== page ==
• The title of "Jew Boy Flower Head" is a pun on the Didjits' "Killboy Powerhead"
    • "Buck Owens" is named after the country musician, though it's a Non-Appearing Title and the song otherwise has nothing to do with him.
    • The song title "Snake Appeal" is most likely a pun on The Stooges' "Shake Appeal".
    • The title of "Phylis Dillard" [sic] combines the names of actress/comedian Phyllis Diller and their first drummer Mike Dillard.
    • Pinkus Abortion Technician is a pun on the Butthole Surfers album Locust Abortion Technician, combining the title with the last name of Butthole Surfers bassist Jeff Pinkus. The cover art is also a parody of the Butthole Surfers album artwork - Locust Abortion Technician had a painting of a clown wagging his finger in the face of a dog on the cover, while Pinkus Abortion Technician has a cruder drawing of that same dog with a bloody severed finger in its mouth. Fittingly, Pinkus plays on the album, and it's bookended with Cover Versions of Butthole Surfers songs.
    • Electroretard includes a special thanks to "A. Hilter" - Word of God is it's a reference to a Monty Python sketch where Adolf Hitler was living in Somerset, England, wearing a fairly transparent disguise and going by the name of "Mr. Hilter".
  • Silence Is Golden: "Pure Digital Silence" from Prick is, aside from a brief intro by Buzz in a fake British accent, precisely that - about a minute and a half of pure... digital... silence.
  • Silver Fox: Buzz Osborne in recent years (as seen in the photo above).
  • Spoken Word in Music:
    • "Divorced", a collaboration with tool, features a phone conversation between Danny Carey and Maynard James Keenan, which is apparently regarding a mutual friend going out with a woman who Maynard describes as having "a voice like a fuckin' modem, dude!" - Maynard then does his impression of her. The song also includes some singing, albeit with Indecipherable Lyrics.
    • "Hog Leg" begins with some nonsensically quote mined samples from a record of Pat Robertson sermons (e.g. "We can go to church, and you're naked", "Christians... are commanded... alcohol... is good").
    • "Dry Drunk" has a bit of scripted dialogue between members of the band Godzik Pink as a transition between the main section of the song and an instrumental interlude - this includes someone corpsing and having to start over again.
  • Step Up to the Microphone: Being a solo EP, Dale Crover has all vocals performed by Dale Crover. Crover also sings "Cottonmouth" from Stag. Hold It In has Paul Leary and Jeff Pinkus of Butthole Surfers sing lead on three songs each: Pinkus on "Bride of Crankenstein", "Nine Yards", and "Piss Pistofferson" and Leary on "You Can Make Me Wait", "Eyes on You", and "I Get Along (Hollow Moon)". This can be difficult to discern on "Bride of Crankenstein" because Jeff Pinkus seems to be imitating Buzz.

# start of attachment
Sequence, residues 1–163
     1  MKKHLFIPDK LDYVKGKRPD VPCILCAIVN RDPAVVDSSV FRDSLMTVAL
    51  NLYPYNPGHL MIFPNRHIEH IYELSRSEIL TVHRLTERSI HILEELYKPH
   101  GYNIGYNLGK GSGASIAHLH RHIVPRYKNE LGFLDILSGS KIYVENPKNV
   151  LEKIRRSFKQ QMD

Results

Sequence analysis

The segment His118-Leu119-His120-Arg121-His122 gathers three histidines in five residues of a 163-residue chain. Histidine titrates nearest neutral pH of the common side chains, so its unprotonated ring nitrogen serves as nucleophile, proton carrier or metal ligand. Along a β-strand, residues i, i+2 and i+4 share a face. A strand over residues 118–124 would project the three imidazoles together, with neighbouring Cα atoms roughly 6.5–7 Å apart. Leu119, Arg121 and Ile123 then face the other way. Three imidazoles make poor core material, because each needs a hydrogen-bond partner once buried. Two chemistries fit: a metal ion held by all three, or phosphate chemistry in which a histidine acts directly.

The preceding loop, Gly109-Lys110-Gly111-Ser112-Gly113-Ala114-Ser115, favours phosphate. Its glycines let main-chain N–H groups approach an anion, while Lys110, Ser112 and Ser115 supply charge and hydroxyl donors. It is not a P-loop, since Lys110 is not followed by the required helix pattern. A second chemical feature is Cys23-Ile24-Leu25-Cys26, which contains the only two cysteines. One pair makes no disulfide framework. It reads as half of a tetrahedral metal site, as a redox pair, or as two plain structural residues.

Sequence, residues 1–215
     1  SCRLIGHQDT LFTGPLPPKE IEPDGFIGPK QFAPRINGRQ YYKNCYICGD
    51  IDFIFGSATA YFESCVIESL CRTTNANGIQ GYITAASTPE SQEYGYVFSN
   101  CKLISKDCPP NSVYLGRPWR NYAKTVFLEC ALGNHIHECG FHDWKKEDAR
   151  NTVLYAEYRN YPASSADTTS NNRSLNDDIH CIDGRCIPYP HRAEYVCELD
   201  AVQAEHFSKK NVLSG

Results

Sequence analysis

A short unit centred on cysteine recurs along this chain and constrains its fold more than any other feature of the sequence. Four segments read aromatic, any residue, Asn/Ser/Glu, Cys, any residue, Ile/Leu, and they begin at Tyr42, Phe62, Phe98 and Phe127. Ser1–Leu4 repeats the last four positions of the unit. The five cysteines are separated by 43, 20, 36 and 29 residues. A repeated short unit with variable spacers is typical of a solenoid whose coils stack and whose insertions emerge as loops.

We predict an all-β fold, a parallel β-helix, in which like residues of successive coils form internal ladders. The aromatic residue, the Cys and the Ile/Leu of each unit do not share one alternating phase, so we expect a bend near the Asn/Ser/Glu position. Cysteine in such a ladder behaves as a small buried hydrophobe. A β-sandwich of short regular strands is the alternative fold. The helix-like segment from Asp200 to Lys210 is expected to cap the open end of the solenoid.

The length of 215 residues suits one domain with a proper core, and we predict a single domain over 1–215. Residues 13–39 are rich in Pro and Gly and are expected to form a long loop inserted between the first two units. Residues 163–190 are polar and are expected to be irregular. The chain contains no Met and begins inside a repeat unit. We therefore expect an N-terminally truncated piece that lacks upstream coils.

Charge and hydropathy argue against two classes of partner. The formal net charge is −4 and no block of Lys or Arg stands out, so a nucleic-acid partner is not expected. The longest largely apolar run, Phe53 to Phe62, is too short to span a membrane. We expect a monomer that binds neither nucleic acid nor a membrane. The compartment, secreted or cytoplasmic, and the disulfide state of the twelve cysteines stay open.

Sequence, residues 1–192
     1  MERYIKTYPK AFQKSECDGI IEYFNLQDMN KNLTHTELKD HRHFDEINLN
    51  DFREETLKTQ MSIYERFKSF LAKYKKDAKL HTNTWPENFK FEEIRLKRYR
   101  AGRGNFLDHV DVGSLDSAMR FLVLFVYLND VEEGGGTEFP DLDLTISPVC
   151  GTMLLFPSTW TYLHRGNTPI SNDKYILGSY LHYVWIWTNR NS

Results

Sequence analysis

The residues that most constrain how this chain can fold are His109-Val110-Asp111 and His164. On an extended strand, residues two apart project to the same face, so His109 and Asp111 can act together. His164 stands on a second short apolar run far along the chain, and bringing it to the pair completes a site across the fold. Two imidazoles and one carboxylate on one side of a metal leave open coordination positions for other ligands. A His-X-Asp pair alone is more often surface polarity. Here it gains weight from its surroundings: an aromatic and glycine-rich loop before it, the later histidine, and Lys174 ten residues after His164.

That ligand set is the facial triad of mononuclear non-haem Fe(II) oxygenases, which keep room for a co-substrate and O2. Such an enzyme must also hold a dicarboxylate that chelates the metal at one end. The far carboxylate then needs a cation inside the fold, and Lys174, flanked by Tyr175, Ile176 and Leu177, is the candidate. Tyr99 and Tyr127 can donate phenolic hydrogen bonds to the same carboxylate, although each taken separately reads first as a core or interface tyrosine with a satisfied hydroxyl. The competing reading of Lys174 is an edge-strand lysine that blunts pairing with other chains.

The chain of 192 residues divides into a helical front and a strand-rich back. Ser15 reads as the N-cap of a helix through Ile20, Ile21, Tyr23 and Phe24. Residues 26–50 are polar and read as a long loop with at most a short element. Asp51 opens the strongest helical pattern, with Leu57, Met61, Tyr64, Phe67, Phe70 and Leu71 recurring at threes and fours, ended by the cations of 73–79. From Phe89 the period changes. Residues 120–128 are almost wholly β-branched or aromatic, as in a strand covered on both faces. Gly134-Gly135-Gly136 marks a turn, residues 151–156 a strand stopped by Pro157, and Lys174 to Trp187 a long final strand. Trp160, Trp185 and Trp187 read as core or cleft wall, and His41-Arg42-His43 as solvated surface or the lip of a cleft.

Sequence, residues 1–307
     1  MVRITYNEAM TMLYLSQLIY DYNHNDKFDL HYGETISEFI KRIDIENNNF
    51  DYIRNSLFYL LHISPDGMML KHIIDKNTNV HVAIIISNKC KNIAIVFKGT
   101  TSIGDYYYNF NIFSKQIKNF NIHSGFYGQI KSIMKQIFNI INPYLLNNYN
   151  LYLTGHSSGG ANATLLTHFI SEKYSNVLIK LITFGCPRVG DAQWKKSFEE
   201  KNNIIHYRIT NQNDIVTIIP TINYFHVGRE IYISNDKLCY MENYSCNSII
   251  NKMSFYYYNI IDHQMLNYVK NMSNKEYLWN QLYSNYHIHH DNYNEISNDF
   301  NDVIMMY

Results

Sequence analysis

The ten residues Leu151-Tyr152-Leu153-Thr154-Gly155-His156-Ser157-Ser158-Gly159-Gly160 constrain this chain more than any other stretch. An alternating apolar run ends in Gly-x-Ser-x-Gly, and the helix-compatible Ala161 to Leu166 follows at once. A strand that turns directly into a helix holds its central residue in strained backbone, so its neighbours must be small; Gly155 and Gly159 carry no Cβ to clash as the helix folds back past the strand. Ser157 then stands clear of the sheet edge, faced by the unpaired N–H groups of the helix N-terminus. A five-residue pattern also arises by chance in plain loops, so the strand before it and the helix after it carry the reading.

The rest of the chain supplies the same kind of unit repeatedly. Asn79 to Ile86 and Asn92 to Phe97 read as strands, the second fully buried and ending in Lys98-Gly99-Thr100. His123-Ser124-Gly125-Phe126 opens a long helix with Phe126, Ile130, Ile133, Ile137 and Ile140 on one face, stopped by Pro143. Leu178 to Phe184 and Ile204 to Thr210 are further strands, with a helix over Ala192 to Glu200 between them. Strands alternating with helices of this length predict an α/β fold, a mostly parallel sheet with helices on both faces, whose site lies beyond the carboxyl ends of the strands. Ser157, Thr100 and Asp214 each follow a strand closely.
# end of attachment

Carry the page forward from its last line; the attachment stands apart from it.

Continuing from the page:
• Surprisingly Gentle Song: They've done relatively sedate covers of "Ramblin' Man", "Okie from Muskogee", "You're My Best Friend", and the traditional Canadian folk song "Peggy Gordon". For originals, there's "Black Bock", a lightly psychedelic folk-rock song about mutilating a goat, and "You Can Make Me Wait", a surprising experiment in Jangle Pop with the vocals heavily processed through a vocoder.
  • Surreal Music Video: Pretty much every video they've released to some extent. But "The Talking Horse" stands out for having a Mind Screw plot that spoofs multiple conspiracy theories, as well as for being an invisible band video where inanimate objects lip sync.
  • Stealth Insult: Sort of. Their name comes from a person that Buzz worked with named Melvin that nobody liked; he considered the name to be so stupid, he named his band that as another form of insulting him.
  • Take That!: "Laughing with Lucifer at Satan's Sideshow" uses Spoken Word in Music to satirize the less-than-cordial relations the band had with their former label.
  • The "The" Title Confusion: "Melvins" vs. "The Melvins". The band usually uses the former, but haven't always been consistent about it... And their two albums where they collaborated with Jello Biafra are officially by Jello Biafra with the Melvins, probably because it flows better as an artist name. The confusion is referenced in the cover art to A Senile Animal, which renders the band name as "(the) Melvins" and the album as "(a) Senile Animal"... And the cover of Tres Cabrones bills them as "Los Melvins" to go with the Gratuitous Spanish title.
  • Title, Please!: A rare non-television example: Lysol doesn't list its tracks on any official version of the album (not helped by the whole thing being mastered as one track on CD releases)—only a test pressing of the LP version gave away the track titles (albeit lumping both "Second Coming" and "Ballad of Dwight Fry" under the latter name).
  • Unplugged Version: Five Legged Dog is mainly acoustic versions of previously electric songs, though they generally don't make the arrangements any softer or slower.
  • Wild Hair: The signature look of Buzz Osborne - he's the one in the top right of the page image. A common joke among the fanbase (especially on YouTube) is that he "looks like Sideshow Bob and laughs like Krusty the Clown". Possibly also the reason the whole band are depicted as off-brand Troll dolls in the Animated Music Video for "Electric Flower".
  • Word Salad Lyrics: If it makes even a lick of sense, chances are it's a cover. Sometimes goes far enough to be considered Speaking Simlish, most prominently in "Hooch", the opening track of Houdini, and the only song on the album to have its "lyrics" printed. It wasn't left unnoticed: the music video of the said song was featured in Beavis and Butt-Head, where Butt-Head tried to figure out the lyrics for Beavis. For reference, here's the first "verse" of the song, taken straight from the booklet.
    "Los ticka toe rest. Might likea sender doe ree
    Your make a doll a ray day sender bright like a penelty
    Exi-tease my ray day member half lost a beat away
    Purst in like a one way sender war give a heart like a fay"

Alternative Title(s): The Melvins